Yet, when it comes to matters of my faith community, the agree-to-disagree situation is more challenging. In Paul's letter to Timothy it's clear that he's not talking about trivial things; he's talking about important issues that believers were letting the devil use to "gain a foothold"  in their spiritual walks, as Paul writes in Ephesians 4.  Paul doesn't tell the leaders to argue with them until they realize the error of their ways. His instructions are to be gentle.  To be kind.  To be patient.  To let the Holy Spirit do what the Holy Spirit does becuase only God would be able to let them see the truth.

* * *
This post is a prompt from Five Minute Friday
and was written in approximately five minutes.
For more information, visit
* * *

Friday, June 4, 2021

FMF: Slow

Then Moses said to the Lord, “Please, Lord, I have never been eloquent, neither recently nor in time past, nor since You have spoken to Your servant; for I am slow of speech and slow of tongue.”

But the Lord said to him, “Who has made the human mouth? Or who makes anyone unable to speak or deaf, or able to see or blind? Is it not I, the Lord? Now then go, and I Myself will be with your mouth, and instruct you in what you are to say.”
(Exodus 4:10-12, NASB)

I've often wondered what was wrong with Moses.  Did he have a stutter?  A stammer?  A lisp?  Coming from a family familiar with speech delays, it's been a quality of Moses that I've considered more than once.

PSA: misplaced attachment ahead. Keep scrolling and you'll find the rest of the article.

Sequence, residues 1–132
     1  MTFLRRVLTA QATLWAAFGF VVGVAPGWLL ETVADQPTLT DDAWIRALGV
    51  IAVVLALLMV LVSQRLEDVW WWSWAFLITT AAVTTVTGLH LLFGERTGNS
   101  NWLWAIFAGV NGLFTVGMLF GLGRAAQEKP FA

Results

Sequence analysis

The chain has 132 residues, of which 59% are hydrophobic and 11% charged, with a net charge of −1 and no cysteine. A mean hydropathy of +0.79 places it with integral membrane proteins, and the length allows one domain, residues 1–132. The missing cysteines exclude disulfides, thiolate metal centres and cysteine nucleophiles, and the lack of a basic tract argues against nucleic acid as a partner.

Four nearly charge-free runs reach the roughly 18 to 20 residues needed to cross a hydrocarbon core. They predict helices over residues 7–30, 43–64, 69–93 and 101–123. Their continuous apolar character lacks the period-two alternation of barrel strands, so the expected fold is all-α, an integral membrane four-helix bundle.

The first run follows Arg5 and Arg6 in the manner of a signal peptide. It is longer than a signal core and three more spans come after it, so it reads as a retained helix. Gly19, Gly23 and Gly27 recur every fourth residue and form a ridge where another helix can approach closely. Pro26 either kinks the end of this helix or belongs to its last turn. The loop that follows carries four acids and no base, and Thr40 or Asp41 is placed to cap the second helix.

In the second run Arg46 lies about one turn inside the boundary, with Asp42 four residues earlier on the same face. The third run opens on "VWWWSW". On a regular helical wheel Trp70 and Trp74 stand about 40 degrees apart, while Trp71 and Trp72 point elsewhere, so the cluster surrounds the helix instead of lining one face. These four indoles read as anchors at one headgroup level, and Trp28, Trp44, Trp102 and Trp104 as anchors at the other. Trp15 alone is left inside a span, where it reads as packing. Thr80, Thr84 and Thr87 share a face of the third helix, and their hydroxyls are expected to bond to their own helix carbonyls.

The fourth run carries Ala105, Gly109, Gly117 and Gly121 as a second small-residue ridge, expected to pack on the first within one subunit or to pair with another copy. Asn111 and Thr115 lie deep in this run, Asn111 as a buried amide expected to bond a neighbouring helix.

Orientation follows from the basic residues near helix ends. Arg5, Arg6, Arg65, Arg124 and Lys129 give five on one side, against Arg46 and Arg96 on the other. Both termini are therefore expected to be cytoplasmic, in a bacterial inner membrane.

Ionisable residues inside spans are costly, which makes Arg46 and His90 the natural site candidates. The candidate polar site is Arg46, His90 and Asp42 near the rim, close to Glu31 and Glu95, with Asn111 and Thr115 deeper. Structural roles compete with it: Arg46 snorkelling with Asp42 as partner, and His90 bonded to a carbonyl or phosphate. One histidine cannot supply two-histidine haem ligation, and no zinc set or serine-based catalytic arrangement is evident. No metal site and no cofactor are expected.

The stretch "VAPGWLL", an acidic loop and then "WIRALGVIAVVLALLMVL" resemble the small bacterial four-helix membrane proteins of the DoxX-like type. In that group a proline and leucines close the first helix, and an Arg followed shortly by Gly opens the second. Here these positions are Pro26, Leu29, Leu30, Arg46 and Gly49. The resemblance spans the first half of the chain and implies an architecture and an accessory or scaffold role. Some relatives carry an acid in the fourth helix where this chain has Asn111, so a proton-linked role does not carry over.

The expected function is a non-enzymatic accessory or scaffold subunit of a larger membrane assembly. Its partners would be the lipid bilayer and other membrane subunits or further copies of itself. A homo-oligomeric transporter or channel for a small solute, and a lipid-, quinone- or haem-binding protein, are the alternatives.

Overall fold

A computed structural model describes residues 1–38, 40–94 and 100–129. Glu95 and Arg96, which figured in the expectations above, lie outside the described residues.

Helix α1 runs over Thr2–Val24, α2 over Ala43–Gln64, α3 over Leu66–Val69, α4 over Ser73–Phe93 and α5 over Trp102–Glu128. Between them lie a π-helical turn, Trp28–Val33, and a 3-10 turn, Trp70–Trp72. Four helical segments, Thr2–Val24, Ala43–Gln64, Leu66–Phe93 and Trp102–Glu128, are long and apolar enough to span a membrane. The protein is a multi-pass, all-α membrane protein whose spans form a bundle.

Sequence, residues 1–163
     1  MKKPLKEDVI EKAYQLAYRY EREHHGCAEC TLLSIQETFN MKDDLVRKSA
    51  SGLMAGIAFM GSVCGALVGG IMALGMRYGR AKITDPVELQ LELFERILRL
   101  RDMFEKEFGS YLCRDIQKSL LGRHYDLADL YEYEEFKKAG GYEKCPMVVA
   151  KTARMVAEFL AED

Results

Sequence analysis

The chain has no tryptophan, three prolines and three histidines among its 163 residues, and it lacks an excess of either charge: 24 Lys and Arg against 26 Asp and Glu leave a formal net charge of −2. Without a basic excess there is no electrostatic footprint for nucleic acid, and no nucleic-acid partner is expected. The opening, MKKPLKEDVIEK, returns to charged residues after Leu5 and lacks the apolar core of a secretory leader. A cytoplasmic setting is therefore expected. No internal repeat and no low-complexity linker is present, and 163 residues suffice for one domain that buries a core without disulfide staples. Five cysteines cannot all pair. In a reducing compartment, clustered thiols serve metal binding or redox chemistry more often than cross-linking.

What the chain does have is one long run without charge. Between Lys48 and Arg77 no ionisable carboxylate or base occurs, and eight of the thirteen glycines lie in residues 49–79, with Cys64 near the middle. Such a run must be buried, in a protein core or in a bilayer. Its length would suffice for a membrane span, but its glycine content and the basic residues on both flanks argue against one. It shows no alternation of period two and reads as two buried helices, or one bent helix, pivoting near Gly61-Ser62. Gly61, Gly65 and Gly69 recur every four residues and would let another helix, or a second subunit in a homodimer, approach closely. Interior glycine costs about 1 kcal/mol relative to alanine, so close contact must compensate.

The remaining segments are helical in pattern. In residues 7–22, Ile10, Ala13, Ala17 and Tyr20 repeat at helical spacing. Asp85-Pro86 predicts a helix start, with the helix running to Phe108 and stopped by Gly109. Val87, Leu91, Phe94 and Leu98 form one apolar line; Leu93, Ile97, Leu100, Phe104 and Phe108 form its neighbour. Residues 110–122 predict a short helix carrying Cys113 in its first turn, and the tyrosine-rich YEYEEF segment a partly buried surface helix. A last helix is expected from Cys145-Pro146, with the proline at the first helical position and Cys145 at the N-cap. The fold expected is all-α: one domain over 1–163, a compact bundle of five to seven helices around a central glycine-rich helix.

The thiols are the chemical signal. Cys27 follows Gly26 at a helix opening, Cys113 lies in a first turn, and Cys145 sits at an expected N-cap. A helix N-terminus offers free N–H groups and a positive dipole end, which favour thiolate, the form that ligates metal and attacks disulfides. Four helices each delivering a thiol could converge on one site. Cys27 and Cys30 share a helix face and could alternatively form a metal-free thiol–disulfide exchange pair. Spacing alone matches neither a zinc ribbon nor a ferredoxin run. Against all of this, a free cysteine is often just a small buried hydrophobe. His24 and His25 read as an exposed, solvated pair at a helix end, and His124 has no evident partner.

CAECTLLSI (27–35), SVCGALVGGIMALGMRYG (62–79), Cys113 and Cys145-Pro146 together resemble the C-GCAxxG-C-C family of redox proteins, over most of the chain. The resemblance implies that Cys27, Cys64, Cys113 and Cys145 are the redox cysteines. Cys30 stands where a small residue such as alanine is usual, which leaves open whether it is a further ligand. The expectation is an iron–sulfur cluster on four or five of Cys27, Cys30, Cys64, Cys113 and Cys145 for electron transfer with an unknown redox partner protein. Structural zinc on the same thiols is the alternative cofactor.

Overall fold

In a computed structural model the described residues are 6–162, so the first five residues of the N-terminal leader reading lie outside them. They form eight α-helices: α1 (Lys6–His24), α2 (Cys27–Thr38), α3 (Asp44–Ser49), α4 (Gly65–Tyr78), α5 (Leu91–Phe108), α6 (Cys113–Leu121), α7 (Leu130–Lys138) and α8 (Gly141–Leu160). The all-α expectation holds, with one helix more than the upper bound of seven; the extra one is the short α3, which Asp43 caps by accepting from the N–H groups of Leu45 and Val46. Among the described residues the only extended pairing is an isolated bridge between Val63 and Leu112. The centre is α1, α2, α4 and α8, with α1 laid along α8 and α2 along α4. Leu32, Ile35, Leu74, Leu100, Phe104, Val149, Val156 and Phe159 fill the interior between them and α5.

When my sister was about three, she saw a speech therapist.  My family cherishes a cassette tape they have of her singing.  What family wouldn't cherish a little child singing at that age?  Did it matter that the sounds weren't exact?  Absolutely not.  It was endearing.

I myself struggled with pronunciation when I was small.  It wasn't yellow; it was yeh-whoa.  It wasn't a cheeseburger; it was a chee-buh-guh.

And when I became a parent, I discovered that both of my sons needed help with language.  When my oldest saw a speech therapist, she emphasized how much he spoke.  That wasn't news to me!  He still loves to talk.  A lot.

But with any of us - my sons, me, my sister, Moses - what was wrong with us?

In a word: Nothing.

For whatever reason, this was how God made us.

* * *
This post is a prompt from Five Minute Friday
and was written in approximately five minutes.
For more information, visit
* * *

For another speech therapy anecdote, you can read about my son's first session here: Ka- Ka- King.